Nilpotent orbit

From Wikipedia, the free encyclopedia
Jump to: navigation, search

In mathematics, nilpotent orbits are generalizations of nilpotent matrices that play an important role in representation theory of real and complex semisimple Lie groups and semisimple Lie algebras.

Definition[edit]

An element X of a semisimple Lie algebra g is called nilpotent if its adjoint endomorphism

ad X: g → g,   ad X(Y) = [X,Y]

is nilpotent, that is, (ad X)n = 0 for large enough n. Equivalently, X is nilpotent if its characteristic polynomial pad X(t) is equal to tdim g.

A semisimple Lie group or algebraic group G acts on its Lie algebra via the adjoint representation, and the property of being nilpotent is invariant under this action. A nilpotent orbit is an orbit of the adjoint action such that any (equivalently, all) of its elements is (are) nilpotent.

Examples[edit]

Nilpotent matrices with complex entries form the main motivating case for the general theory, corresponding to the complex general linear group. From the Jordan normal form of matrices we know that each nilpotent matrix is conjugate to a unique matrix with Jordan blocks of sizes where is a partition of n. Thus in the case n=2 there are two nilpotent orbits, the zero orbit consisting of the zero matrix and corresponding to the partition (1,1) and the principal orbit consisting of all non-zero matrices A with zero trace and determinant,

with

corresponding to the partition (2). Geometrically, this orbit is a two-dimensional complex quadratic cone in four-dimensional vector space of matrices minus its apex.

The complex special linear group is a subgroup of the general linear group with the same nilpotent orbits. However, if we replace the complex special linear group with the real special linear group, new nilpotent orbits may arise. In particular, for n=2 there are now 3 nilpotent orbits: the zero orbit and two real half-cones (without the apex), corresponding to positive and negative values of in the parametrization above.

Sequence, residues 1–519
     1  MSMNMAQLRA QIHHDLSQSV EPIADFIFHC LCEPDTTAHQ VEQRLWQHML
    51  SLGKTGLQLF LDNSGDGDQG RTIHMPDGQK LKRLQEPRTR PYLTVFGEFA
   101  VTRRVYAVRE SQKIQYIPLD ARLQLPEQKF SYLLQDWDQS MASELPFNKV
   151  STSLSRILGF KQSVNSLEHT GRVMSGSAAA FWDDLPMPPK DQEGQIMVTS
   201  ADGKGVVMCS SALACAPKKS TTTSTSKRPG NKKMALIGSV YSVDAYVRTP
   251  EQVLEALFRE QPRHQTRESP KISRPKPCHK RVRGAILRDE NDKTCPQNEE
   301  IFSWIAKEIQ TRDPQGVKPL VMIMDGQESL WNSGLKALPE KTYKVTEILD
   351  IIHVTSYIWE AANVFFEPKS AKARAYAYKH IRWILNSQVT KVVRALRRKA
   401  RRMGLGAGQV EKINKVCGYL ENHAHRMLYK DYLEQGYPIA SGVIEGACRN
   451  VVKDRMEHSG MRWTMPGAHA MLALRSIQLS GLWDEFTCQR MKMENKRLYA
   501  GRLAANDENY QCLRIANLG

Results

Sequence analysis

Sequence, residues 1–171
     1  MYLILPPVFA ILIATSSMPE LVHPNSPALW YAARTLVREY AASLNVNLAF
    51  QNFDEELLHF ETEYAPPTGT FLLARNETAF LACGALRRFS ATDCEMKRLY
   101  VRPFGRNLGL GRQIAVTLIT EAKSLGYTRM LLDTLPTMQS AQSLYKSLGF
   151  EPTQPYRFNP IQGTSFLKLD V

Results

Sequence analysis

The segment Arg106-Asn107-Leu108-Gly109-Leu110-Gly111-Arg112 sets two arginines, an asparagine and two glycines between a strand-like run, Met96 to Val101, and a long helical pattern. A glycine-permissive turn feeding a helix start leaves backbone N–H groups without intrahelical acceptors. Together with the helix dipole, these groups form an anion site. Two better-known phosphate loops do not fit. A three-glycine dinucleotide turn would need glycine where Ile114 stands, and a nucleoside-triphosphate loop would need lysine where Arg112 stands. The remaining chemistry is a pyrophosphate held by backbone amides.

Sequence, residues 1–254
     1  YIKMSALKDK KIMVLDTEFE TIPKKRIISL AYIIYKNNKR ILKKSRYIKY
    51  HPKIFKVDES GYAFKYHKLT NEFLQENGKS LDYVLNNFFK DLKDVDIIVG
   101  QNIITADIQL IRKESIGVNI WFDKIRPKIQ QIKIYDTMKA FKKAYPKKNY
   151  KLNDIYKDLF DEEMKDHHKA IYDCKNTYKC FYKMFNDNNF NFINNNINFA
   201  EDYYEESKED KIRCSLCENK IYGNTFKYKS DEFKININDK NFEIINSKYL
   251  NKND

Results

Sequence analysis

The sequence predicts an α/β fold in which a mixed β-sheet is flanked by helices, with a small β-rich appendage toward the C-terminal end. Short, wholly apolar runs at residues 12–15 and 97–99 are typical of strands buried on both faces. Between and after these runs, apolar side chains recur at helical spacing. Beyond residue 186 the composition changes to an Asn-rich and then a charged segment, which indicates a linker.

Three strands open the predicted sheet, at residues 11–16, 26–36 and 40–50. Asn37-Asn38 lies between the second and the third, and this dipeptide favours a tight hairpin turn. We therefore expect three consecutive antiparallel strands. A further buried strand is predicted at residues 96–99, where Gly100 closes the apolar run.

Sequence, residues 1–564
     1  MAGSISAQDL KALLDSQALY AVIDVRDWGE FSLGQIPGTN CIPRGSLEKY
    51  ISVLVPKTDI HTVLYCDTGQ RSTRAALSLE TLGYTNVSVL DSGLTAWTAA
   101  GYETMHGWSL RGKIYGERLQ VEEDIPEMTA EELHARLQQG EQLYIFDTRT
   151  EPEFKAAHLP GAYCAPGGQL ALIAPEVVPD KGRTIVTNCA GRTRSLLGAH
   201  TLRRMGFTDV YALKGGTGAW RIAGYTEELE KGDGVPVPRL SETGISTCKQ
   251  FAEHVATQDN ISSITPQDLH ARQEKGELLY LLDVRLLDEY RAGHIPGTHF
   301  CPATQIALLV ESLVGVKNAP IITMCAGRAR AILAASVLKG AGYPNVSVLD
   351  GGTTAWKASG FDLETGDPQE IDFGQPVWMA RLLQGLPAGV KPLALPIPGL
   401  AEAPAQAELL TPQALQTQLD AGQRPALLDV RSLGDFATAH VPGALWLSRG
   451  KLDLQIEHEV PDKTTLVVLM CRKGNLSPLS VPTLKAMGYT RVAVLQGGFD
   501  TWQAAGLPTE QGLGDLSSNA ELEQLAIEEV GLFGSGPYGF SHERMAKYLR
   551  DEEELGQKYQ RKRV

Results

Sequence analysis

Properties[edit]

  • Nilpotent orbits can be characterized as those orbits of the adjoint action whose Zariski closure contains 0.
  • Nilpotent orbits are finite in number.
  • The Zariski closure of a nilpotent orbit is a union of nilpotent orbits.
  • Jacobson–Morozov theorem: over a field of characteristic zero, any nilpotent element e can be included into an sl2-triple {e,h,f} and all such triples are conjugate by ZG(e), the centralizer of e in G. Together with the representation theory of sl2, this allows one to label nilpotent orbits by finite combinatorial data, giving rise to the Dynkin–Kostant classification of nilpotent orbits.

Poset structure[edit]

Nilpotent orbits form a partially ordered set: given two nilpotent orbits, O1 is less than or equal to O2 if O1 is contained in the Zariski closure of O2. This poset has a unique minimal element, zero orbit, and unique maximal element, the regular nilpotent orbit, but in general, it is not a graded poset. If the ground field is algebraically closed then the zero orbit is covered by a unique orbit, called the minimal orbit, and the regular orbit covers a unique orbit, called the subregular orbit.

In the case of the special linear group SLn, the nilpotent orbits are parametrized by the partitions of n. By a theorem of Gerstenhaber, the ordering of the orbits corresponds to the dominance order on the partitions of n. Moreover, if G is an isometry group of a bilinear form, i.e. an orthogonal or symplectic subgroup of SLn, then its nilpotent orbits are parametrized by partitions of n satisfying a certain parity condition and the corresponding poset structure is induced by the dominance order on all partitions (this is a nontrivial theorem, due to Gerstenhaber and Hesselink).

See also[edit]

References[edit]